Lift not yourself but your users

Can we please bury the word “leverage” and all other marketing-speak when talking internet strategy? I’ve heard that word twice in the past 24 hours used by people with something to sell, people who are talking about getting the most out of viral or social networking sites.

What’s wrong with this picture?

The top still thinks it can “manage” its way to success by manipulating the bottom. This is exactly the opposite of what’s required in the business disruption that’s impacting the communications world. Why? Because the bottom is now in charge, and the laws of attraction “work” where laws of promotion don’t. Before you try and “leverage” people (that’s what this is really all about), you ought to ask if they want to be leveraged. They don’t.

Case in point is a nice MediaPost article today called “Productivity: Meet, Greet, Then Market.” J. Walker Smith of Yankelovich Partners is a major player in the marketing world, and the item has a lot of good information. He writes, for example, that social engagement is the next big thing in marketing and adds that it’s not just about the internet.

There’s a new appreciation that people like talking to other people, not to brands. In fact, at Yankelovich we’ve documented how little people want to be marketed to these days.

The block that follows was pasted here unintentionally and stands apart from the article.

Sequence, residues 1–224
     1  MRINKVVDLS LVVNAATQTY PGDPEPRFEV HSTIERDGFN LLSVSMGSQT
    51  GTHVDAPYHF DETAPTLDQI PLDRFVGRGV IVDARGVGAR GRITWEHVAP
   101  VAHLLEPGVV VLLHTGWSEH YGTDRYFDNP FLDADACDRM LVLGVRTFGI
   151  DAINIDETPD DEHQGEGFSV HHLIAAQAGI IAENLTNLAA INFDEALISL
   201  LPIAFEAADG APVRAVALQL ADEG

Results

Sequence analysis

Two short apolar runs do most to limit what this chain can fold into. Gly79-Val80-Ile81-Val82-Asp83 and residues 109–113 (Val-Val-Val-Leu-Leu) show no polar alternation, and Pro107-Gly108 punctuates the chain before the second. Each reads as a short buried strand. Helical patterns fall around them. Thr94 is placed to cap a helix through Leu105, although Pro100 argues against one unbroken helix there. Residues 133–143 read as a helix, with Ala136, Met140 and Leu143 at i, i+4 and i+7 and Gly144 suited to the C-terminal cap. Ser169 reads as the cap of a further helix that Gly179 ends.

How true. Yet Mr. Smith writes that that’s just what companies should do.
…the Internet has emerged as a new marketing medium because it is the new medium of social engagement.

…The smartest use of technology is to leverage this dynamic of participation and engagement.

…In this age of consumer resistance, people are avoiding brands while seeking one another. Brands must shift away from the single-minded focus on engaging consumers and instead become adept at enabling people to engage with each other. This will give brands the edge they need in tomorrow’s marketplace of social engagement.

This sounds great, but the line between enabling people to engage with each other and selling to them is very fine. On the web, the two are at enmity, and while I think Mr. Smith is spot-on conceptually, the devil will be in the execution, because the moment the “lever” is recognized, people will flee.

As I tell clients, you must approach people on the web backwards. That means with the utmost respect for their time and loyalty, by providing a valuable service, by supporting what they want to do, by staying fluid and flexible, by being completely transparent about what’s going on, by facilitating their leveraging of us, and by just simply making them feel welcome.

Lift not yourself but your users. Seduction (I want you to want me more than I want you) is the game, not pandering.

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